In a remarkable success story, national concerns about maths in the mid-1990s have now been eliminated in the early years, according to two reports published this week.
Standards of attainment in early maths are very good in 40 per cent of schools and good in the remainder, while the standard of teaching is either good or very good, said Mike Gibson, author of a focused report on early intervention projects in 24 schools across 17 authorities.
Anne Craw HMI and author of Standards and Quality in primary schools: mathematics 1998-2001, said significantly more pupils were achieving level A by the end of P2, a year ahead of the 5-14 guidelines. The Assessment of Achievement report later this year will record the extent of the progress but standards of attainment were "good" in P1-P4.
"We have got the green shoots, now we have got to nurture those," Mrs Craw said. Her report is based on 3,000 lessons in P1-P7.
Graham Donaldson, deputy senior chief inspector, said: "We are now seeing a different style of teaching. The nature of the teaching is much more dynamic, much more active and focused on the needs of individual children and less reliant on simply working through a scheme of one kind or another."
Mrs Craw said teachers were now encouraging pupils to work out calculations in their heads and talk through their answers. There was more interaction in the classroom.
ut problem-solving was a key area which could be improved. "Pupils have to be able to solve realistic problems, such as how many 35-seater buses would be needed to take 150 pupils on a school trip," she said.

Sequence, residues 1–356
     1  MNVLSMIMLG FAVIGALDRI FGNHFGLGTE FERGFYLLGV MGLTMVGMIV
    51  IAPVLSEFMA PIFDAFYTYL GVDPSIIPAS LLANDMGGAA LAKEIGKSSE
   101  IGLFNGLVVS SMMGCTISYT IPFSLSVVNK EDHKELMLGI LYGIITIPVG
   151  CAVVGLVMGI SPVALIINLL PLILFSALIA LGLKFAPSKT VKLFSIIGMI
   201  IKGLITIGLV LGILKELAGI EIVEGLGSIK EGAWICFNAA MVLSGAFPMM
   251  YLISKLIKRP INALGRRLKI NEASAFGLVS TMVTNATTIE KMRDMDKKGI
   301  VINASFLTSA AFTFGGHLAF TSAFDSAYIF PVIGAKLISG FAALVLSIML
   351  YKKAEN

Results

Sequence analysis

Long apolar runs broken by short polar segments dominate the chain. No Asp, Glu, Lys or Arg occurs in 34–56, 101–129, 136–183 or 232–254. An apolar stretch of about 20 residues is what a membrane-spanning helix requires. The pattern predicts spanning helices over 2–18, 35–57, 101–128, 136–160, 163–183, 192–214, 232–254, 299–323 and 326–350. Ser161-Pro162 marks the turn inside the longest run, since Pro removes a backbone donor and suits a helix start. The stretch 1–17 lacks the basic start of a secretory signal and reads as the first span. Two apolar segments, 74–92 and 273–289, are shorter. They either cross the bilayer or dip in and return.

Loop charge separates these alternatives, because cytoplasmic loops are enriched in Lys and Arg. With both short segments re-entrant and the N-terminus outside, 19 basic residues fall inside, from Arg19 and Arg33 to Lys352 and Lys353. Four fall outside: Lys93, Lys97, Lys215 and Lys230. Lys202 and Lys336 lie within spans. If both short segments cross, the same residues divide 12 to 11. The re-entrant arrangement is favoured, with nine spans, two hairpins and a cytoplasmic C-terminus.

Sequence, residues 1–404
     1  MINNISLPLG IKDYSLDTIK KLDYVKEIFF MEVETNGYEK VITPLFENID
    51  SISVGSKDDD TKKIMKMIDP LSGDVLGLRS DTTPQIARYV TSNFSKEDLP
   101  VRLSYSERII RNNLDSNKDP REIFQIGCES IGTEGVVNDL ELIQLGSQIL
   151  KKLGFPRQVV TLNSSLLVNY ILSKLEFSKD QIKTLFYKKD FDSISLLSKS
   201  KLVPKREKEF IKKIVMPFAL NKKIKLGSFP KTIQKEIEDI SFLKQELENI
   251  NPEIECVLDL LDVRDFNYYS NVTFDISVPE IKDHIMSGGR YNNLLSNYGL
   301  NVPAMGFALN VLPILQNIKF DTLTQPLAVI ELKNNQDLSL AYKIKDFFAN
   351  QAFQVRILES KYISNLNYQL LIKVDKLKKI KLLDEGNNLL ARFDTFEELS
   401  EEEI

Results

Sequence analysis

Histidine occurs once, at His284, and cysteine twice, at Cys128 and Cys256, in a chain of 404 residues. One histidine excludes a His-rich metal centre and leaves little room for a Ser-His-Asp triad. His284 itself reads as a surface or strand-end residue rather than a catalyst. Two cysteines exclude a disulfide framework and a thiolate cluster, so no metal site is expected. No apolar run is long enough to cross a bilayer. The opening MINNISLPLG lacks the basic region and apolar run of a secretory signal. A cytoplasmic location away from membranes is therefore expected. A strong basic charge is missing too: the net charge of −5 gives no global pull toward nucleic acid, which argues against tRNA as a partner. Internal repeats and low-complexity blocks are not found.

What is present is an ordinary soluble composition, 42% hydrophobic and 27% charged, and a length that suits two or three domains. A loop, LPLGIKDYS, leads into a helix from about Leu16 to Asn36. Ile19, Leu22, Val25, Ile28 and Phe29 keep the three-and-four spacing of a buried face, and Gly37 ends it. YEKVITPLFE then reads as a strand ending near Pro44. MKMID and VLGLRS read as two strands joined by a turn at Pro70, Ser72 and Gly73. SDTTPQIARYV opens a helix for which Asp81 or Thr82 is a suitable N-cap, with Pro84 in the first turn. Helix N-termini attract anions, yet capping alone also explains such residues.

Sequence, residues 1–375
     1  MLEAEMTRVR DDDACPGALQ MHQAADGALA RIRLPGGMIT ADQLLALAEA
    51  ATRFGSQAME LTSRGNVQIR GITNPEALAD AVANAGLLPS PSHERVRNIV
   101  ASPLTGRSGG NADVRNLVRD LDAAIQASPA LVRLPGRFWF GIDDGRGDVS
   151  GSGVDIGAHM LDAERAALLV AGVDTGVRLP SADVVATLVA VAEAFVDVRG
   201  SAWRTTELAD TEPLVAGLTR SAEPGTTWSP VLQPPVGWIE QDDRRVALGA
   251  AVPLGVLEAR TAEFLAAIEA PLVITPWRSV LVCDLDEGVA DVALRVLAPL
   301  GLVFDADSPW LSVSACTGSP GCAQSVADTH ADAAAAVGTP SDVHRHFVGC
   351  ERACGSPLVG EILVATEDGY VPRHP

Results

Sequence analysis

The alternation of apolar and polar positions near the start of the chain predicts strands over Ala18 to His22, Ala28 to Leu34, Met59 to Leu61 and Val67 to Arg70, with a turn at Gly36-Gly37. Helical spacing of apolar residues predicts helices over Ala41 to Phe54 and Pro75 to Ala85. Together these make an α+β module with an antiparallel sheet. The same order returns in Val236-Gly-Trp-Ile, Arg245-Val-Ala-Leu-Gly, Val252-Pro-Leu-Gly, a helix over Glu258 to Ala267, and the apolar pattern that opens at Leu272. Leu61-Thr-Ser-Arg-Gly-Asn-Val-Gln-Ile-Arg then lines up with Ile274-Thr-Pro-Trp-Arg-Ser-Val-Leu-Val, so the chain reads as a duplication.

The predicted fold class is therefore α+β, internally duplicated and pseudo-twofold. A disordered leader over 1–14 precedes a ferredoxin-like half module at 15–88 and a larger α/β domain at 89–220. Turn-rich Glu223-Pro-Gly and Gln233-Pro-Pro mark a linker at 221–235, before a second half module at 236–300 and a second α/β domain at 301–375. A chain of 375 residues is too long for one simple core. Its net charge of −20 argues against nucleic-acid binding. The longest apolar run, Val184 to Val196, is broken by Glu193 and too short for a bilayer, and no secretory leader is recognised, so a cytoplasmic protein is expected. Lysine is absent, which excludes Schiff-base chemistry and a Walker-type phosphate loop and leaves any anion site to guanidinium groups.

Overall, the major maths concern remains in upper primary where staff are being encouraged to learn the lessons from the early years. Inspectors say teachers have to up the pace of lessons, raise the level of challenge and ensure all children are achieving as much as they can by P7.
Inspectors were quick to single out the initiatives in early years that have made a difference, including the revised HMI guidance on maths in 1997, the pound;60 million early intervention scheme, the presence of classroom assistants and the development of target-setting. It was difficult to isolate factors, Dr Gibson said.
Leader, page 20
CHECKLIST FOR THE IMPROVING SCHOOL
* Well balanced programmes covering the aspects of maths - information handling; number, money and measurement; shape, position and movement; problem-solving and enquiry.
* Regular emphasis on oral and mental mathematics.
* Good standards of attainment at P1 to P4.
* Well motivated pupils in almost all classes.
* Good direct teaching, with increasing evidence of interactive approaches.
* Very good resources.
* Plans for improvement.
* Problem-solving and enquiry programmes.
* Pupils' ability to solve problems and to report their findings.
* The pace of pupils' progress from P4 to P7.
* The level of challenge for higher attaining pupils.
* The opportunities for pupils to use ICT in maths.
* The use of assessment information to plan pupils' next steps.